Bibliography: 3. Choi M. The Not-so-Sweet Side of Fructose. Journal of the American Society of Nephrology. 2009;20(3):457-459. doi:10.1681/asn.2009010104.

    Bibliography: 4. Wu H, Wu E. The role of gut microbiota in immune homeostasis and autoimmunity. Gut Microbes. 2012;3(1):4-14. doi:10.4161/gmic.19320.

    Bibliography: 5. Chassaing B et al. Dietary emulsifiers impact the mouse gut microbiota promoting colitis and metabolic syndrome. – PubMed – NCBI. Ncbinlmnihgov. 2015.

    Bibliography: 6. Roberts C, Keita A, Duncan S et al. Translocation of Crohn’s disease Escherichia coli across M-cells: contrasting effects of soluble plant fibres and emulsifiers. Gut. 2010;59(10):1331-1339. doi:10.1136/gut.2009.195370.

  3. It is unfortunate that children from developed countries have to suffer from childhood obesity due to diets high in sugar, fat and carbohydrates. In developed countries like the United States there is access to healthy foods such as fruits, vegetables and whole grains especially to the middle class. There is no good reason why educated middle class parents and schools in America don’t provide nutritious food for children to reduce the chances of metabolic syndrome. I do understand that parents from low income backgrounds struggle to provide fresh food but the cost of fruits and vegetable is cheaper that junk food. At Wal-Mart the cost for bag of chips ahoy cookies is $2.50 and while the cost for 2 or 3 bananas is under a dollar. Parents need to realize that providing unhealthy foods to children has negative immunological consequences especially when children develop diabetes. Diabetes impairs the immune system’s ability to heal after an infection or injury and often children get cuts and bruises when playing. In addition, patients with diabetes have increased complications with pneumococcal infections that can be deadly (1). Studies have shown patients with type 2 diabetes have a weakened pathogen-specific memory CD4+ and Th17 response and reduced CD+T-cells in response to S. pneumoniae (2).

    1. Kornum JB, Thomsen RW, Riis A, Lervang HH, Schonheyder HC, Sorensen HT. Type 2 diabetes and pneumonia outcomes: a population-based cohort study. Diabetes Care. 2007;30:2251–2257.
    2. Martinez PJ, Mathews C, Actor JK, et al. Impaired CD4+ and T-helper 17 cell memory response to Streptococcus pneumoniae is associated with elevated glucose and percent glycated hemoglobin A1c in Mexican Americans with type 2 diabetes mellitus. Translational research : the journal of laboratory and clinical medicine. 2014;163(1):53-63.

  4. While I don’t consider myself a “health nut”, I exercise 3-5 times a week and I eat “clean” 90% of the time. Clean eating refers to having no fried foods, no fast food, minimally processed foods, and eating lots of fresh/flash frozen fruits and vegetables along with whole grain. When I go grocery shopping, I make sure to shop the edges i.e. the produce section, fresh meats, breads, and frozen foods. The middle aisles we clean eaters like to refer to as “filler aisles.” The contain mostly things that are processed and have additives so that they may remain on the shelves for an extended amount of time. And unfortunately, eating healthy is not the cheapest option. But America is about money not doing what’s right. Along with these additives, I have also found evidence that these filler aisles also contain “nutritional information” that are LIES. And what is worst is that the children were found to be the targets of these nutritional lies. An example of the data found is in baby food there was found to a range of 88% less sugar to 82% more sugar in the products than listed on the jars. I personally made my sons baby food when he started whole foods, but every parent is not like me. How can we protect our children from unnecessary sugars when companies add sugar to infant formula and baby foods? More so, how can we be sure that they are not getting too much sugar if the nutritional label is not providing accurate information? I guess the best thing for our kids is for everyone to eat clean. When my kid ask for dessert, he gets berries and he loves it.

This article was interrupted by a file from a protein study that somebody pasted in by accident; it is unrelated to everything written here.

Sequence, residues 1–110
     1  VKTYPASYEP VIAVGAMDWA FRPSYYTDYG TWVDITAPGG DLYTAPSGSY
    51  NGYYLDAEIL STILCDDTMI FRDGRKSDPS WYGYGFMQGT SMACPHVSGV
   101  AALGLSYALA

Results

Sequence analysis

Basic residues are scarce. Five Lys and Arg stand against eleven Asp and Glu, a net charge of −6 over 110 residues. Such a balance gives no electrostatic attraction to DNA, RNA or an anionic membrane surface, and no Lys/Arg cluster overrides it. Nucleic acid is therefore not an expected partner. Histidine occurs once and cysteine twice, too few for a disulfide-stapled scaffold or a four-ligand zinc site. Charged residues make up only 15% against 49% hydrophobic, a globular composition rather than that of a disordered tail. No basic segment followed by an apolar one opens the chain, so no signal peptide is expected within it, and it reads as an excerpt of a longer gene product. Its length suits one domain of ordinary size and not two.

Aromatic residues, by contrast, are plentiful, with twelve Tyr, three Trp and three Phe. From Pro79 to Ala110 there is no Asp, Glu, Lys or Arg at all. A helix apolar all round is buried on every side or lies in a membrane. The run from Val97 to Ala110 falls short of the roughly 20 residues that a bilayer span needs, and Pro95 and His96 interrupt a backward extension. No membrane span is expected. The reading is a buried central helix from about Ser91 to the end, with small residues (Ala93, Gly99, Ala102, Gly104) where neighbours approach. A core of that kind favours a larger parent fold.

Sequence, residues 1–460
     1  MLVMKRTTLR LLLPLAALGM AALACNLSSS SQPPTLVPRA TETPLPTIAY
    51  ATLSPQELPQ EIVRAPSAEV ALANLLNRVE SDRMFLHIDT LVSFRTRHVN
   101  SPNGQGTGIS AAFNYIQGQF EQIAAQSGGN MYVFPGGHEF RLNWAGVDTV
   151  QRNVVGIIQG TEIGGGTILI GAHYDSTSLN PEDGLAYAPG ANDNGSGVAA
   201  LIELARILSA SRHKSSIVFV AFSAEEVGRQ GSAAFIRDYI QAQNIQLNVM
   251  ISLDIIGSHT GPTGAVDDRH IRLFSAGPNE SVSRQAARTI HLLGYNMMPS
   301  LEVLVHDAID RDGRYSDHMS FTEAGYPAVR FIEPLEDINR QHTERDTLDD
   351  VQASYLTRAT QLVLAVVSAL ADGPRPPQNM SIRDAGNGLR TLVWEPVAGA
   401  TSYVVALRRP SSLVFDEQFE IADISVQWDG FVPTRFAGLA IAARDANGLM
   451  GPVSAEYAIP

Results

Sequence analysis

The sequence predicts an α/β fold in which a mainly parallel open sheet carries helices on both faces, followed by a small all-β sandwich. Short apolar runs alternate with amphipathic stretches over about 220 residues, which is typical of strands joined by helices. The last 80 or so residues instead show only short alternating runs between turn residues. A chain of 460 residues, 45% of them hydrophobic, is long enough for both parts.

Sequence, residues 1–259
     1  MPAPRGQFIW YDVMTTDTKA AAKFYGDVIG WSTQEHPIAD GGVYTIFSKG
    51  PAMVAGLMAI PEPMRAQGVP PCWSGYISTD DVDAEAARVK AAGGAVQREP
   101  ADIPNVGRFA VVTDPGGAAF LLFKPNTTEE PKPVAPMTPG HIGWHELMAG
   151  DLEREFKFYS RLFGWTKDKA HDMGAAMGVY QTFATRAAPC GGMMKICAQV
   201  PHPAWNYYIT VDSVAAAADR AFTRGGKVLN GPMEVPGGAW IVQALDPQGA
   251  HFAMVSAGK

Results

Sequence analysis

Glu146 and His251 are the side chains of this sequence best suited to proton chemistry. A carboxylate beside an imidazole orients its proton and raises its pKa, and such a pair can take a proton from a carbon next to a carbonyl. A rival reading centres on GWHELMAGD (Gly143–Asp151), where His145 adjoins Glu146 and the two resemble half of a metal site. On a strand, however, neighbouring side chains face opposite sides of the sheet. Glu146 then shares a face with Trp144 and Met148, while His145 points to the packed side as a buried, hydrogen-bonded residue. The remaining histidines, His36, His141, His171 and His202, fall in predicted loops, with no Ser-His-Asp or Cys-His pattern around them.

Works Cited:
    Walker RW, Goran MI. Laboratory Determined Sugar Content and Composition of Commercial Infant Formulas, Baby Foods, and Common Grocery Items Targeted to Children. Nutrients. 2015 Jul; 7(7): 5850-5867.